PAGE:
Mirrors 406 and 412 are each a layer of material that is partially reflectivity for a wavelength of light contained in optical beam 104. Mirrors 406 and 412 exhibit reflectivities within the range of approximately 25% to approximately 99%. In the illustrative embodiment, mirrors 406 and 412 are each approximately n*λ/4-thick, where λ is the wavelength (within mirrors 406 and 412) of light provided by source 102 and n is an odd-integer. In some embodiments of the present invention, at least one of mirrors 406 and 412 comprises a 100 nm-thick layer of silicon-rich silicon nitride (SiRN). The thickness of mirrors 406 and 412 is determined so as to provide suitable performance of beam splitter 108 for the wavelength of light provided by source 102.

It will be appreciated by those skilled in the art that the distribution of optical energy into the reflected beam and transmitted beam is dependent upon the thickness and index of refraction of each of mirrors 406 and 412. In addition, it will be appreciated by those skilled in the art that thicknesses of mirrors 406 and 412 other than λ/4 can provide suitable performance, such as any odd-order of λ/4 (e.g., 3λ/4, 5λ/4, etc.). In some embodiments of the present invention, (e.g., wherein a different ratio of transmitted light to reflected light or different mechanical characteristics for layer 304 are desired) the thickness of at least one of mirrors 406 and 412 is approximately an even-order of n*λ/4 (e.g., λ/2, λ, 3λ/2, etc.), and n is an even-integer.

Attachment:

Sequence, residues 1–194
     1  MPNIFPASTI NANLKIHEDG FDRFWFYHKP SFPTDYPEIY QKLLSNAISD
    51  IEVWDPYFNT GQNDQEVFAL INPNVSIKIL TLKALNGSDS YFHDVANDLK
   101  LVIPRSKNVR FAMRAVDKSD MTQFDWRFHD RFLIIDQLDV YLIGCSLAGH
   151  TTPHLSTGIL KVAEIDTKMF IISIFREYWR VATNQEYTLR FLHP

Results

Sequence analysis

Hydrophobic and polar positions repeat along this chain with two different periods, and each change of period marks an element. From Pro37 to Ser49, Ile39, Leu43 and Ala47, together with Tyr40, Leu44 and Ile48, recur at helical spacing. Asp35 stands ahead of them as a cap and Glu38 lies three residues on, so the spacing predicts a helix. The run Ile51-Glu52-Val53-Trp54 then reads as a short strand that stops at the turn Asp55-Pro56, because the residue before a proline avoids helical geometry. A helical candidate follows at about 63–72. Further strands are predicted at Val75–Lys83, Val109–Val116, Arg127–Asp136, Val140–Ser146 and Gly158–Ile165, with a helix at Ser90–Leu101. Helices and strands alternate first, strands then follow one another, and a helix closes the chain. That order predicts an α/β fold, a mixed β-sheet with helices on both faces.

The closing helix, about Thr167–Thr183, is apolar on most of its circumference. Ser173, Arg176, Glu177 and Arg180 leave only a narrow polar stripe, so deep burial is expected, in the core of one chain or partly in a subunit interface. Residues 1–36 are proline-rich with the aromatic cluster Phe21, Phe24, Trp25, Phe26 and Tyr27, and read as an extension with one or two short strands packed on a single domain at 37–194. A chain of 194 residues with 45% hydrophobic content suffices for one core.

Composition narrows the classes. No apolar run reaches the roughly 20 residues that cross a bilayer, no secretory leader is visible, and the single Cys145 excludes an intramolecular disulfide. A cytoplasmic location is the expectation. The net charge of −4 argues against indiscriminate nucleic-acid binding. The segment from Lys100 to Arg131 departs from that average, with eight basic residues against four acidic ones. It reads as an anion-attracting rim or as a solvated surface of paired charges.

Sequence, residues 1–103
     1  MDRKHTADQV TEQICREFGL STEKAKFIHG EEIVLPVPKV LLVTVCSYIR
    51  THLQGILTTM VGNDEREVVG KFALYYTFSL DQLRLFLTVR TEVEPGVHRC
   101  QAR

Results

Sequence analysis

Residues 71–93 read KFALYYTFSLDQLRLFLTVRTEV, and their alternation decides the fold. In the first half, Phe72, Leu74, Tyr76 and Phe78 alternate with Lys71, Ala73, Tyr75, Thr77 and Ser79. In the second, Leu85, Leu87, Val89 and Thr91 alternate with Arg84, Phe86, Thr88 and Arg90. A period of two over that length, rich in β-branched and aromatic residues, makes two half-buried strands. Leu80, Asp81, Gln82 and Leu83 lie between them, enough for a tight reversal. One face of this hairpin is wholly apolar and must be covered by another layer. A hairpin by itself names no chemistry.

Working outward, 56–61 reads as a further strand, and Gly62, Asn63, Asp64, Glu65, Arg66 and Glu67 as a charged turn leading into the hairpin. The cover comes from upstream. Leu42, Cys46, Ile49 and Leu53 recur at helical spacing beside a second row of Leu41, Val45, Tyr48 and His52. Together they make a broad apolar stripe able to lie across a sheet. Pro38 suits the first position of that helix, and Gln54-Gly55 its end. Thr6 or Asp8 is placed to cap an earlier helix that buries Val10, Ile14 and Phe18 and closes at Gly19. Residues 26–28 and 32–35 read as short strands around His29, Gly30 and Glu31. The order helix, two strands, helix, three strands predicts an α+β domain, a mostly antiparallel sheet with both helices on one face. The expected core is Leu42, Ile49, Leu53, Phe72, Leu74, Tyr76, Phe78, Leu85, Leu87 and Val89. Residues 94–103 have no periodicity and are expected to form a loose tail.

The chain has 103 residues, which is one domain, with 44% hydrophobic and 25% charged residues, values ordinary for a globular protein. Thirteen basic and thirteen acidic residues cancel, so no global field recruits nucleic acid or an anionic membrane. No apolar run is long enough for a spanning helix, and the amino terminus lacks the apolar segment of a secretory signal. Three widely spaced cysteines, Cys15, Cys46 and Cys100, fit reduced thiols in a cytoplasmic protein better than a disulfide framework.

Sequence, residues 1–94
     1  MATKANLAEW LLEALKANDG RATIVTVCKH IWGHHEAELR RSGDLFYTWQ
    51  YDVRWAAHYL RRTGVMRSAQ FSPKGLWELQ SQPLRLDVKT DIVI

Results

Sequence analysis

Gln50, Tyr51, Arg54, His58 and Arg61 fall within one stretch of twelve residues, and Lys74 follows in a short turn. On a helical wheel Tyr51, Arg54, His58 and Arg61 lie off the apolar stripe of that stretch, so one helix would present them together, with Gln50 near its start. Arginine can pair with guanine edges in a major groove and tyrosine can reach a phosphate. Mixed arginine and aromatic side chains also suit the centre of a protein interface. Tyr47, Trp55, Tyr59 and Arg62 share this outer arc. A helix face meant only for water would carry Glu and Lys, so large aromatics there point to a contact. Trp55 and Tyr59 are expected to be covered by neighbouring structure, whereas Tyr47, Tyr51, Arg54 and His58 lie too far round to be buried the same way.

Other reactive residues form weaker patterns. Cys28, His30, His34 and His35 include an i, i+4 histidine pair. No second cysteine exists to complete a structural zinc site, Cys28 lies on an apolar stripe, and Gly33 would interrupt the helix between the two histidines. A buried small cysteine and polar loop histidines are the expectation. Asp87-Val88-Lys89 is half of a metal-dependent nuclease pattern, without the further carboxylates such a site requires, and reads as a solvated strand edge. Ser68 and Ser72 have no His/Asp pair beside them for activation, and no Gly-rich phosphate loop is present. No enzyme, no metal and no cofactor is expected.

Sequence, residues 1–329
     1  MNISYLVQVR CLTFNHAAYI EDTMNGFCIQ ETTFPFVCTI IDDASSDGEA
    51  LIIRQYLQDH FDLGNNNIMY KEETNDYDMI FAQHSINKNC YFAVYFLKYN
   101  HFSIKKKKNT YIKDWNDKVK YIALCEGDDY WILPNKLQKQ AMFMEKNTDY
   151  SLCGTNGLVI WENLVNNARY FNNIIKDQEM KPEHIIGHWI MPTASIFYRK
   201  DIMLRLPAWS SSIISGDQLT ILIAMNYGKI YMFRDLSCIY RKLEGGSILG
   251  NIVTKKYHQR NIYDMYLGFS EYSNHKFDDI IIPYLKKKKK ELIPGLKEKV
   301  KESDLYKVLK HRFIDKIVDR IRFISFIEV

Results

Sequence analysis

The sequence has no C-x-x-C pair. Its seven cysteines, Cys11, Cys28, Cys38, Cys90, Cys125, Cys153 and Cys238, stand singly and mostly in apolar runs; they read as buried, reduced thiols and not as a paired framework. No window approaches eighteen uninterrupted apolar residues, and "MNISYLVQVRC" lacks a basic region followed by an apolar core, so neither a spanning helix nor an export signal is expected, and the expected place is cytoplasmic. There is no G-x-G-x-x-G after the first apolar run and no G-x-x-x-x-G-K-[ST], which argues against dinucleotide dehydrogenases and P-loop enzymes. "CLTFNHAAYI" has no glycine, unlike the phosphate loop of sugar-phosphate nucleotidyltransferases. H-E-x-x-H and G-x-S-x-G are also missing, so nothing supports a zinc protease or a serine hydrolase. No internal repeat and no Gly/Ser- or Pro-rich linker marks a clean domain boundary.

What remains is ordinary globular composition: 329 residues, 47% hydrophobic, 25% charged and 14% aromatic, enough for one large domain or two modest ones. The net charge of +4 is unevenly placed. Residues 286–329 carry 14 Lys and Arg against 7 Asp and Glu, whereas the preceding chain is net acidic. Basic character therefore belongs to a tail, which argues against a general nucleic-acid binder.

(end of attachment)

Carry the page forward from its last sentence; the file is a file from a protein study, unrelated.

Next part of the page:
In some embodiments of the present invention, the thickness of at least one of mirrors 406 and 412 is made different than any order of n*λ/4 to reduce its reflectivity. It is recognized by the inventors that by reducing the reflectivity of mirrors 406 and 412, an improved depth of modulation can be achieved at operating points that exhibit low wavelength sensitivity.

Membrane 410 is a layer of material that is translucent at the wavelength of light provided by source 102. The thickness of membrane 410 is approximately λ/4, where λ is a wavelength (within membrane 410) of light provided by source 102. Membrane 410 comprises surfaces 408 and 414, each of which composes one surface of an optically-resonant cavity. Membrane 410 comprises through-holes 426 to facilitate response of beam splitter 108 to changes in pressure (e.g., in order to provide or avoid mechanical damping effects, etc.).